To Understand Iranian Foreign Policy, Look at Iran's Politics at Home
Iran’s Supreme Leader Ayatollah Ali Khamenei, a cleric who will turn 80 in July 2019 and has ruled over Iran since 1989, has made a political career out of demonizing the United States. And yet, he knows full well that at some point—whether in his lifetime or after—Tehran has to turn the page and look for ways to end the bad blood that started with the birth of the Islamic Republic in 1979. But Khamenei’s efforts to make the United States a strawman are not easily undone in present-day Tehran, where anti-Americanism is the top political football, as the two main factions inside the regime—the hardliners versus the so-called reformists—battle it out for the future of Iran.
Meanwhile, President Donald Trump’s “maximum pressure” on Iran has made it all but impossible for Khamenei to meet Washington half-way. Accordingly, the best Khamenei can do for now is to wait out the Trump White House. There will be no Khamenei-Trump summits. That much is abundantly clear if one listens to the chatter from Tehran. But the issue of possible relations with post-Trump America is still hotly contested in the Islamic Republic. In the meantime, with Trump’s re-imposition of sanctions from November 2018, Tehran’s hope in the short term is that Europe, together with Iran’s more traditional supporters in Moscow and Beijing, can give Iran enough incentive so that it can ride out the next few years as its economy comes under unprecedented pressure.
The Fight in Tehran over the United States
Khamenei’s speech on January 9, 2019, when he called Trump administration officials “idiots,” was not coincidental or simply a case of his emotions running out of control. There is a fight inside the Iranian regime about whether to talk to the Americans or not. President Hassan Rouhani’s government, along with media that support his ostensibly moderate government, have launched a subtle campaign to argue for talks with the United States. That is at the very least what Khamenei suspects is happening.
Khamenei and his inner circle are not necessarily against talking to Washington, but they want to be the ones who shape, if not control, any process of detente. Khamenei set this course weeks ago when he said, “Even if Iran negotiates again with America, it will not be with Trump.” But it is a policy recommendation that many in the rank of the Rouhani government find to be unrealistic, unsustainable and costly. These people, who Khamenei calls “America-fixated” in his speeches, are warning that by summer 2019 the ongoing socio-economic protests occurring in Iran might get out of control and that Tehran should talk to Trump before it’s too late and more protests in Iran break out.
Over the course of the last year, the price of basic goods has risen rapidly in Iran, an issue that can hurt the regime badly since higher prices will hit the poorer classes disproportionately. The situation is so bad that the Khamenei office is deliberately fabricating stories about how the Supreme Leader is no longer eating red meat in sympathy with the poor. Mohammad Golpaygani, the head of Khamenei’s office who very rarely speaks to the media, said that “wealth distribution has and always will be a key pillar of the Islamic Republic.” Such public relations efforts by Khamenei and his closest associates shows that there is real fear about social unrest due to the rising cost of living, which is a direct result of American sanctions. Official data from Iranian government sources show that the average worker’s purchasing power has declined by 70 percent over the course of the last year. This is terrible news for the regime. Workers and other groups that make up the lower social classes in Iran are viewed by the regime as a critical demographic that needs to be kept politically mollified. Anti-regime mobilization by workers is a hyper-sensitive point, and the problem is not going away despite recent government promises of wage increases.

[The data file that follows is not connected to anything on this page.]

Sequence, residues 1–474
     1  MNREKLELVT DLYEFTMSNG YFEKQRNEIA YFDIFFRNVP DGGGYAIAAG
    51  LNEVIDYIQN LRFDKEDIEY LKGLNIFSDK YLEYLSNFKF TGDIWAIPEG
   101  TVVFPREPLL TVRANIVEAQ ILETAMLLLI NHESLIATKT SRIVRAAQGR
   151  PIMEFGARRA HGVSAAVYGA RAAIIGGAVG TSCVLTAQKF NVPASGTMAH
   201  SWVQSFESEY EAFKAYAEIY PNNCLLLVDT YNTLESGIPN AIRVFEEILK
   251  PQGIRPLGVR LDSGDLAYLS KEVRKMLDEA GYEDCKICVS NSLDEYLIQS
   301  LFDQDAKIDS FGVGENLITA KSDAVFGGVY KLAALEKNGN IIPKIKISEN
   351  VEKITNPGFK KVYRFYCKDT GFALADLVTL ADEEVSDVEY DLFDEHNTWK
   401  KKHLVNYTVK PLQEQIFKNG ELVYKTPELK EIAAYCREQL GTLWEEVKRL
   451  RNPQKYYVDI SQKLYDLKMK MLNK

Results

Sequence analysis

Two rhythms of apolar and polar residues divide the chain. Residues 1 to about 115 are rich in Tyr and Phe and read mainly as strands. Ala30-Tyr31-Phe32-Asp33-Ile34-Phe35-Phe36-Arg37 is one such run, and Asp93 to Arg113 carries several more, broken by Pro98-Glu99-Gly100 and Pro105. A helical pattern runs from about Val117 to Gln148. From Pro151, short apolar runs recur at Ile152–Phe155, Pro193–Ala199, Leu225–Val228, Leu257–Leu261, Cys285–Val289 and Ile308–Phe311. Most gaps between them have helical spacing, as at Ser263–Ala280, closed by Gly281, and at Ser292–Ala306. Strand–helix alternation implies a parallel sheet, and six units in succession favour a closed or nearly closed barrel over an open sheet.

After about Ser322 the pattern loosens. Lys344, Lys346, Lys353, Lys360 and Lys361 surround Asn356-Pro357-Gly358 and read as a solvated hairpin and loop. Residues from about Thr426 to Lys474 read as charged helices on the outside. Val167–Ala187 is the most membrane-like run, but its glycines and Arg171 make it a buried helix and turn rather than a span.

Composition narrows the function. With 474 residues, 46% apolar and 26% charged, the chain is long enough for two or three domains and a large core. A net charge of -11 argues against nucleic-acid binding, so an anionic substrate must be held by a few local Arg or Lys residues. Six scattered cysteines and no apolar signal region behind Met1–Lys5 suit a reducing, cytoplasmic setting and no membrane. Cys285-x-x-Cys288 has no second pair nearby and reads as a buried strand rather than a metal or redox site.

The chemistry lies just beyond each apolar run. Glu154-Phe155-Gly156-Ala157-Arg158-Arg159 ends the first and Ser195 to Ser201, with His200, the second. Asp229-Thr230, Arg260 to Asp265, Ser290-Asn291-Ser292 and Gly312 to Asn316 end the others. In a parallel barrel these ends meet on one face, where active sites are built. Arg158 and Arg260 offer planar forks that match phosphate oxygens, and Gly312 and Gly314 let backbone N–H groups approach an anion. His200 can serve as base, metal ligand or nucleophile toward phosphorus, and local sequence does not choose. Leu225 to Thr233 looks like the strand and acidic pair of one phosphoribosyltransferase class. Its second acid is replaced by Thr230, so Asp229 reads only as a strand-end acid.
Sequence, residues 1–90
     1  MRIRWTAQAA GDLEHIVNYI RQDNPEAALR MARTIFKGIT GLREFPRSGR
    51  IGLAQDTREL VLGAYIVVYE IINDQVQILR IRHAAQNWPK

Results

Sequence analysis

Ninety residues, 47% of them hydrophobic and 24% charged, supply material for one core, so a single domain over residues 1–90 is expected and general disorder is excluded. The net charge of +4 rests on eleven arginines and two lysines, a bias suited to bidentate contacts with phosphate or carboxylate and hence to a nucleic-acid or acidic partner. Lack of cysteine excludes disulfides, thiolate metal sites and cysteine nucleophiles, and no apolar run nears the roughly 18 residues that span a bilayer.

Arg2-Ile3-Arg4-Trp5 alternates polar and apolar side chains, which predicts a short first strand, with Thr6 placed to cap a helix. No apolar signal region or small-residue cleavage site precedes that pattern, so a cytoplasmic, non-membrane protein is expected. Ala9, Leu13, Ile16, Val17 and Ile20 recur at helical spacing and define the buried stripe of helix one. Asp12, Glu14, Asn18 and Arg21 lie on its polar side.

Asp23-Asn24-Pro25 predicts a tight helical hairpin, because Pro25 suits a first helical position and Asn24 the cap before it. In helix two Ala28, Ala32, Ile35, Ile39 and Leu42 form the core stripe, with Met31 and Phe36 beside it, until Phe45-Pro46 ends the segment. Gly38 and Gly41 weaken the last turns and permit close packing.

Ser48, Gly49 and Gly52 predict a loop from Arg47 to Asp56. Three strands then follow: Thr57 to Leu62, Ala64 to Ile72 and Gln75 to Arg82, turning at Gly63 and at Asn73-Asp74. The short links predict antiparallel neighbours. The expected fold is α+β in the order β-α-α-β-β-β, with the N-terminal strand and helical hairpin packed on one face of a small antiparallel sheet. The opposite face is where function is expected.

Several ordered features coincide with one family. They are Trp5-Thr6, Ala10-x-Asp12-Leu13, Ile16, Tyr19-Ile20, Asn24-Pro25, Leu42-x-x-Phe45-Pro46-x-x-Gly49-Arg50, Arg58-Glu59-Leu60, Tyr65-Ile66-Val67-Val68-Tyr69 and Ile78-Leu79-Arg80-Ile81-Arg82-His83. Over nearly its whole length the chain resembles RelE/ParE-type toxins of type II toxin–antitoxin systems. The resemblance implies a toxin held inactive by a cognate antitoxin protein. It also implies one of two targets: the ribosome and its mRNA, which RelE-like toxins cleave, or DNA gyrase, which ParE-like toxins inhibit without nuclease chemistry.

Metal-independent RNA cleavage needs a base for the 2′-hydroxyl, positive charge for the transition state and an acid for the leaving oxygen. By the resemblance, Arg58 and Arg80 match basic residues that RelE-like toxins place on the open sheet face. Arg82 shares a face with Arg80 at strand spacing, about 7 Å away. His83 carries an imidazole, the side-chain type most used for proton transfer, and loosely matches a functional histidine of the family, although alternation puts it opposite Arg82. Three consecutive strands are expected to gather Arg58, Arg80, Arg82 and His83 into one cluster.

Given such realities in Iran, and the direct role the United States plays, the inevitability of the American question is not under dispute within the power ranks of the Islamic Republic. In recent months, both Khamenei and Rouhani have on a number of occasions hinted at the resumption of diplomatic ties with the United States. From the top, Khamenei’s comment that the slogan “Death to America” only means “Death to Trump, Pompeo and Bolton,” is obviously meant to keep the door open for future talks with the United States. Rouhani’s comments that dialogue with the America is possible “if it admits to its past mistakes” is also a clear signal that Tehran is preparing the ground to resume talks with Washington as soon as Trump leaves the White House.
But the hardline camp fears that the ultimate aim of Rouhani is to use the issue of sanctions and the necessity to find a way to talk to Washington as a pretext to shoot for a larger reform process of the nature of the Islamic Republic. Such fears have even led to talk about the Iranian parliament, the Majlis, impeaching President Rouhani and removing him from office. Those hardline parliamentarians who have set this process in motion have about 15-20 votes out of the 290 members of the Majlis. An impeachment is therefore not possible at this moment in time. It is, however, important to note that the rivals of Rouhani in the Majlis do not really want to impeach him. They know it is not an option for one simple reason: Khamenei has shown no interest in seeing Rouhani removed until his term in office comes to an end in 2021. Instead, Rouhani’s rivals have a different aim in mind with the impeachment process. That is to tarnish Rouhani’s reputation as much as possible, and such an impeachment motion helps keep a negative light on Rouhani. Hence the aim is to smear Rouhani’s image so as to undermine his political future after the presidency. Not to be forgotten is that Rouhani is today considered as a viable candidate to succeed the 80-year Supreme Leader Khamenei when he passes away, a prospect that the hardline camp likely will fight tooth and nail.
Besides slinging mud at opponents, the hardline camp has no real solution to Iran’s deep structural problems. In early 2019, Khamenei himself introduced the idea of “Islamic Republic 2.0.” It came as a lengthy statement on the 40th anniversary of the “Islamic Republic” and advised younger Iranians on how to keep the revolution alive. It was anything but a “strategic” rescue plan. Instead, it was the usual sort of statement that Khamenei always gives. He defended the Islamic Republic and only marginally admitted that the regime makes mistakes as well. In regard to domestic policy and the ideology of the regime, there was otherwise absolutely no sign of admission of guilt by him or that Tehran needs to change course in any way. The same intransigence was also evident in his remarks about foreign policy. Khamenei again said that “there is no point in talking with the Americans” as they cannot be trusted, and he also said the Europeans are not much more reliable than the Americans. This statement by Khamenei ignores that Iran is actively pursuing better relations with the Europeans. Overall, the speech was heavy in flowery language but offered nothing new and has already been widely condemned by many circles in Iran as a sign of Khamenei’s detachment from reality.